Do Jarred Olives Go Bad?

These briny beauties have an impressive shelf life — here’s how to tell if it’s time to toss them.

bowl of green olives
Photo: Getty Images

Snack bowls, charcuterie boards, relishes, pizza, dishes like puttanesca and (some versions of) Ropa Vieja — the uses for olives go on and on. So, it's probably best if you know when those savory, salty nuggets bobbing in brine in your fridge have seen the bottom of their last martini.

Do Olives Go Bad?

First, is there such a thing as a spoiled olive? Don't overly salty things last close to forever?

It is true, items with an excess of sugar or salt take longer to spoil, however, olives will still go bad. For those still sealed or allowed to continue to soak in their liquid, it will take considerably longer to get there.

How Long Do Olives Last?

Unless you plan to use what you purchase all in one go, it's best to stick with liquid-packed olives. Their shelf-life can be pretty impressive, lasting anywhere from 12 to 18 months once opened and properly stored in the fridge, compared to the meager three days of dry olives — like those you can snag at the salad bar. Unopened, jarred olives will stay fresh for up to two years.

A Word on "Best By" Dates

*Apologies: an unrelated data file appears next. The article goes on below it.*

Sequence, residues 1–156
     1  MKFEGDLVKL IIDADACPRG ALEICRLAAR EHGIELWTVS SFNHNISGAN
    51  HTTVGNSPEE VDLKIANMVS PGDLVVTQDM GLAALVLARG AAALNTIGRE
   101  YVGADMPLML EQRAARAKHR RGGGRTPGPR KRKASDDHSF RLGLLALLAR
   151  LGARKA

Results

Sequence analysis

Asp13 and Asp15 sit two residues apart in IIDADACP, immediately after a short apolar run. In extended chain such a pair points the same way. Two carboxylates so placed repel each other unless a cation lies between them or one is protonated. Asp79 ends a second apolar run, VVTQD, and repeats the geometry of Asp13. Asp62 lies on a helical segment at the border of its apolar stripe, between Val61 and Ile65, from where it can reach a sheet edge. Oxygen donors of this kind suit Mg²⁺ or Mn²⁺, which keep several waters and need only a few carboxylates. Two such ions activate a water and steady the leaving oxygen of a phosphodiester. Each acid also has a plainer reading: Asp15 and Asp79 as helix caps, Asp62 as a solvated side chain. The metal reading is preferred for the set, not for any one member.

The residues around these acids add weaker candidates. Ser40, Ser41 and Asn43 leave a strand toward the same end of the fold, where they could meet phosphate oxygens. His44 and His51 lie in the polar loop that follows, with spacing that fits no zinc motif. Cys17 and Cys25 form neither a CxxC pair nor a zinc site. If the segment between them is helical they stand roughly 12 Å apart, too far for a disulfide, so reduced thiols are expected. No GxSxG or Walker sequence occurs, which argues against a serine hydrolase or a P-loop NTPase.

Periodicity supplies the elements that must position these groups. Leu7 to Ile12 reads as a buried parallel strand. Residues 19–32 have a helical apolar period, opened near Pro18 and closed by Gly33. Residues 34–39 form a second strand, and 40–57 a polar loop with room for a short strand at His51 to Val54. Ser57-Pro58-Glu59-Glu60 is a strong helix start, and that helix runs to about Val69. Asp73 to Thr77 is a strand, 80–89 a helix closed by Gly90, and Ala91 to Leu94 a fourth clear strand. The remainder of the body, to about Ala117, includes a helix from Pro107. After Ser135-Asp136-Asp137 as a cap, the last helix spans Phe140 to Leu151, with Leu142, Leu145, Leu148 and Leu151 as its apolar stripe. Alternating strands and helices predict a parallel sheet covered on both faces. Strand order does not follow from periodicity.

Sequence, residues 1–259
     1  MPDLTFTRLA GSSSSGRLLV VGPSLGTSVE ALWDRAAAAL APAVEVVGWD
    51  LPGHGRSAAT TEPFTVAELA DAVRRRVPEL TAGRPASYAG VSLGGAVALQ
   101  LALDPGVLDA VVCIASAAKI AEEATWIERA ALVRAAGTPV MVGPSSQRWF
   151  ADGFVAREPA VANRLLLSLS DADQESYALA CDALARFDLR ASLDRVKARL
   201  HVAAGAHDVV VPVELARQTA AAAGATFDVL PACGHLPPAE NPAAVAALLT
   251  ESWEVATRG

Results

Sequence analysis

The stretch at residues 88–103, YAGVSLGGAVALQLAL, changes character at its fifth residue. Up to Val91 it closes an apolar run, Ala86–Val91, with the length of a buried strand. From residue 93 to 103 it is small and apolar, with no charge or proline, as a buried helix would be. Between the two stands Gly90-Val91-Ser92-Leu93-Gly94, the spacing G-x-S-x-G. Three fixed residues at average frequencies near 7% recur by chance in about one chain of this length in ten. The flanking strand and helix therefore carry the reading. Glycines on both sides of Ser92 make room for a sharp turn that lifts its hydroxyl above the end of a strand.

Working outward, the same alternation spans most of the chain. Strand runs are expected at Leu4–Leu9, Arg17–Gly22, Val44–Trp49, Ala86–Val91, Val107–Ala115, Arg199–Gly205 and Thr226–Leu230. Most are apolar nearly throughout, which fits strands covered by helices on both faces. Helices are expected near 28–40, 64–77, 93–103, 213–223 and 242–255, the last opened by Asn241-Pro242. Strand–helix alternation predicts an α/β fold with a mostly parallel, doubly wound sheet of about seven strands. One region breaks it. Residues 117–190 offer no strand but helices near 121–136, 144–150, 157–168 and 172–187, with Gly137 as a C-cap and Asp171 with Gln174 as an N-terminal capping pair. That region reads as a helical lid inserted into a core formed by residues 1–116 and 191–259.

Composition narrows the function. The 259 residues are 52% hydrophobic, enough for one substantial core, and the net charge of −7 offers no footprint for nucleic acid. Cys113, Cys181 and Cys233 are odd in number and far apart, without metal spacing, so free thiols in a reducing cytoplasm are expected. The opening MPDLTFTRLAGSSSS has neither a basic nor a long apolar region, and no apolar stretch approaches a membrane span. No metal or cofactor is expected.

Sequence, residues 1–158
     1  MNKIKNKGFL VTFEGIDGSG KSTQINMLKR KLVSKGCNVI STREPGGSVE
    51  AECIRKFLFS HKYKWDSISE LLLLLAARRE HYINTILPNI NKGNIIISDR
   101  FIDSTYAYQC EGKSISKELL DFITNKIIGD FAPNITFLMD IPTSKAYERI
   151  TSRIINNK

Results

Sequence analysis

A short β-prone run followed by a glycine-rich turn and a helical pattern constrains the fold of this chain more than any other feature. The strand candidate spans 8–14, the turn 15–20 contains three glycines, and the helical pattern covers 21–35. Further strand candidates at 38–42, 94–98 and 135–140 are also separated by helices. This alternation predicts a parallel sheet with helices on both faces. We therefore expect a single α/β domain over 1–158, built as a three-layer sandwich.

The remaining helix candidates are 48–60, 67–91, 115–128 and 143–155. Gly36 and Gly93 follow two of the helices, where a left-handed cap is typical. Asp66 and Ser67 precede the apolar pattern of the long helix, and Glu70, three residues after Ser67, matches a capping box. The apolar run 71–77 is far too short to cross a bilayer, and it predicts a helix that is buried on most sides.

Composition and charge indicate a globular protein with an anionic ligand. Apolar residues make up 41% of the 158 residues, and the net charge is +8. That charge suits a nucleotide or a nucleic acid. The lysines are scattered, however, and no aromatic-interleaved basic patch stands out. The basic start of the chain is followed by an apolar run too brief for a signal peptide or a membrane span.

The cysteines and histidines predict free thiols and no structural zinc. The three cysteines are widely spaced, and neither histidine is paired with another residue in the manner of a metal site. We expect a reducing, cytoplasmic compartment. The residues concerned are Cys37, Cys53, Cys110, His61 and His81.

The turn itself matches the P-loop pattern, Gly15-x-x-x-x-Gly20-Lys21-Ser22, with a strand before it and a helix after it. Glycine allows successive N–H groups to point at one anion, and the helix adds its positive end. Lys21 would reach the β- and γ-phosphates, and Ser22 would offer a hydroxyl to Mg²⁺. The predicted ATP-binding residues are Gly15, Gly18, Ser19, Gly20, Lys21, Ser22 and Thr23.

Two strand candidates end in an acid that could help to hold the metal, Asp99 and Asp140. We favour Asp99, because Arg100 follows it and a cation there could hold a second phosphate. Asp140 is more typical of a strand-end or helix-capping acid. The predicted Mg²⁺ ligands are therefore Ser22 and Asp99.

If the handy date listed on your unopened jar of olives occurs less (or much less) than two years from now, rest assured that what's inside will still last those 24 months. This is because "best by" dates are generally more of a "best guess" of a time frame to enjoy the product at what the maker deems to be its highest quality. It's good to keep them in mind, but don't hold fast to them as a hard rule.

How to Tell if Olives Are Bad

Regardless of how long the olives have been opened or sat sealed on the shelf, any sign of mold means it's time for the trash. Beyond that obvious tell, search for any other sign of spoilage such as a change in appearance or smell. Discoloration, shrinkage, wrinkly bits, and funkier-than-normal smells are all good reasons to toss the lot.

For unopened olives, a bulging lid is a dead giveaway of a nasty situation within, and any other dents or damage should send them straight to the bin.

How to Store Olives

How you store these gems is of the utmost importance for optimal shelf-life. Liquid-packed olives that are unopened should be placed in a pantry, cabinet, or other cool, dark place. The temperature for storage shouldn't exceed 75 degrees F and the container, especially glass ones, should never see sunlight.

Once opened, twist the lid on tight and store the jar in the fridge. If the lid isn't tight or the jar has been compromised, transfer the olives with their brine to another airtight container. Dry-packed olives or olives purchased in a can should also migrate to airtight containers.

Retaining the brine or oil, the very liquid surrounding the olives, is vital to their survival. But, in the event of accidental discarding or a broken jar, simply mix ½ teaspoon salt into 1 cup water and submerge the olives in this makeshift brine. It isn't as potent as the original stuff, though, so it would be best to consume the olives within a couple of weeks.

Should you be apprehensive about how long it might take you to use all the olives, freeze them! Place them in an airtight container without brine and they'll stay perfect in the freezer for six months.


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